CAIR is the group that if a Muslim gets accused of something then they can go and get representation. If there’s a civil liberties issue, CAIR is the one that does that. Because of that, okay, then now you have a giant wall dropped in terms [00:45:00] of… Then after that you can do anything.

Trevor Burrus: During that whole darkest timeline future which unfortunately I think is …

Jeremy McLellan: I find that incredibly plausible.

Trevor Burrus: … fairly likely, what will you be doing and what should comics be doing if they care about?

Jeremy McLellan: They should be … I’ll be doing what I am still doing. I’m not terribly worried about myself. Its’ just whatever happens, [00:45:30] happens. Comedians should be supporting CAIR and should be supporting these groups that are under attack. Even if you don’t agree with them, even if you don’t … Like those are people in the frontline of civil liberties of Muslims in the US. If you … I think, yeah, it can happen pretty fast.

Aaron Powell: What do you say to the people who hear what you’re describing as a possible timeline and think, “Well, that’s what’s [00:46:00] needed. We need to crack down on this because Muslim immigration is a threat.” Then they’ll often say, “Look at Europe with its populations that have not integrated and the violence we see there.” That concern like there’s a level like a lot of it is bigotry, but then there’s a lot of just fear that maybe rational or irrational but it’s genuine. What do you say [00:46:30] to those Americans who think we do need to … We need to be careful here.

Jeremy McLellan: Okay. Yeah, I don’t know. It’s just so far separated from my own experience with the Muslim community that the only thing that I can do is just show them that gray zone and be like, “Look, this is what’s happening. There are crazy people on the other side but like this is what’s happening. And if you attack, if you attack that gray zone [00:47:00] then, and this is ISIS goal, is to get the west to declare war on Islam and to attack that gray zone which they hope will drive more Muslims to ISIS, to their caliphate or whatever. Don’t do what they want you to do.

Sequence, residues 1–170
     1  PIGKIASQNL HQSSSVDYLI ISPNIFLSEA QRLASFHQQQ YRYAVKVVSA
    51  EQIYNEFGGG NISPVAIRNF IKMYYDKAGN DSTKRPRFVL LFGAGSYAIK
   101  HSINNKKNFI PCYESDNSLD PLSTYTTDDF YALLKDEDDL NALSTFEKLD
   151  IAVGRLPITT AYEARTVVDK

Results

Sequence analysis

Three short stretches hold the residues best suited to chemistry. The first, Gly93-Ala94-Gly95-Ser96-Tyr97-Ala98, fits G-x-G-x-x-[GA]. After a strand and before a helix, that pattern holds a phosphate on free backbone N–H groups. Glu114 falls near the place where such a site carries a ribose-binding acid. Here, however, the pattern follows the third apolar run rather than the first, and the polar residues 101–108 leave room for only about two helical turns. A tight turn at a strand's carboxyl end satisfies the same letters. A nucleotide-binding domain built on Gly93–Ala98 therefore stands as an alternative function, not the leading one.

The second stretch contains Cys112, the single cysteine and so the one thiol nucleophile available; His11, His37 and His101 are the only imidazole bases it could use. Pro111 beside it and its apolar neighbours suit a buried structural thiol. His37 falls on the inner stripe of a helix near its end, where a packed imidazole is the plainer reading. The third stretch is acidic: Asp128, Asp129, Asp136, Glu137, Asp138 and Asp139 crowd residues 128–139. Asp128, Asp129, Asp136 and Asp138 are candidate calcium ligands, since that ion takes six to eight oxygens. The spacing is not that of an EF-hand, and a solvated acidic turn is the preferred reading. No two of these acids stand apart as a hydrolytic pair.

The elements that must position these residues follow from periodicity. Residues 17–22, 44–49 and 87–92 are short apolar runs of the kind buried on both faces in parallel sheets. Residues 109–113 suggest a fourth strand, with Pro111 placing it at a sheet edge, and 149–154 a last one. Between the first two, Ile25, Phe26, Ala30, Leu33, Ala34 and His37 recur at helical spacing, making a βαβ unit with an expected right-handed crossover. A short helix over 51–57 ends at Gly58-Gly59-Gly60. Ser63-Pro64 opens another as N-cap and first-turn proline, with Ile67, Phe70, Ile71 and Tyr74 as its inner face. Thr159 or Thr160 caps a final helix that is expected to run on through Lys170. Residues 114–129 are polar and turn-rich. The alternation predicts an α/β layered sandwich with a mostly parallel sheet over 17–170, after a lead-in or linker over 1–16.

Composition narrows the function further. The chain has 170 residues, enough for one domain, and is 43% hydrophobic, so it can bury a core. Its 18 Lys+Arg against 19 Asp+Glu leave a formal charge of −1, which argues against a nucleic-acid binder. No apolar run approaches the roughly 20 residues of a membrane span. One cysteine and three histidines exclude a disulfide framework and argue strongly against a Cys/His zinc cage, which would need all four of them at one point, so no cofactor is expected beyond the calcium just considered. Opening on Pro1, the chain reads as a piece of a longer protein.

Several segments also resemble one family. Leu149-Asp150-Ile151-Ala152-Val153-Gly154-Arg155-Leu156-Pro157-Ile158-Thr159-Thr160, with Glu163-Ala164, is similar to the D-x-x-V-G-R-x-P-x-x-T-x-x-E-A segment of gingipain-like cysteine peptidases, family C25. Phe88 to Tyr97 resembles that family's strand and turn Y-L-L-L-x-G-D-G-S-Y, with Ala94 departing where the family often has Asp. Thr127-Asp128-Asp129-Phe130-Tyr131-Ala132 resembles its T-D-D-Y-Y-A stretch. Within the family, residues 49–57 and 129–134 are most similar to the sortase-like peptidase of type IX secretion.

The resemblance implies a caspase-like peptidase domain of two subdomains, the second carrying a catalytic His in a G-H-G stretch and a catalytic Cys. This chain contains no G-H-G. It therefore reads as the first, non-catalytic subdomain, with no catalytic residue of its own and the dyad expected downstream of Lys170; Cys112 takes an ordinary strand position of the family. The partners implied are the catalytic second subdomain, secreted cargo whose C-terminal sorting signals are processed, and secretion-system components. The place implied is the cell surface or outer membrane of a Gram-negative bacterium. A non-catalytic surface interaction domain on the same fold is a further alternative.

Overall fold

In terms of Europe, I don’t have … I [00:47:30] just back from a tour of UK but I wasn’t in Germany or places that are more close to that. It’s a hard situation and I don’t envy them. There are reasons why America is so good at assimilating immigrants even though there’s a wave of immigration everyone’s like, “No, they’re not going to assimilate.” It’s like or integrate. They’re not like assimilate, but integrate. [00:48:00] Part of it is like barriers to entry into the economy. A lot of people who immigrate to Europe can’t find jobs and they’re legally not allowed to have a job. Then what do you do? You end up in the ghetto and doing stuff off the books. Those places are pretty ripe for radicalization just like refugee camps are right for radicalization.

Trevor Burrus: For [00:48:30] listeners who want to find your stuff and follow you, where can they find you and then what can they expect to see when they follow you on Facebook or otherwise.

Jeremy McLellan: Yeah. It’s just Jeremy McLellan comedy of Facebook and then Jeremy McLellan on Twitter. It’s with one C. Yeah, I just talk about politics and talk about religion and culture and all that stuff.

Trevor Burrus: Thanks for listening. This episode of Free Thoughts was produced by Tess Terrible [00:49:00] and Evan Banks. To learn more, visit us at www​.lib​er​tar​i​an​sim​.org.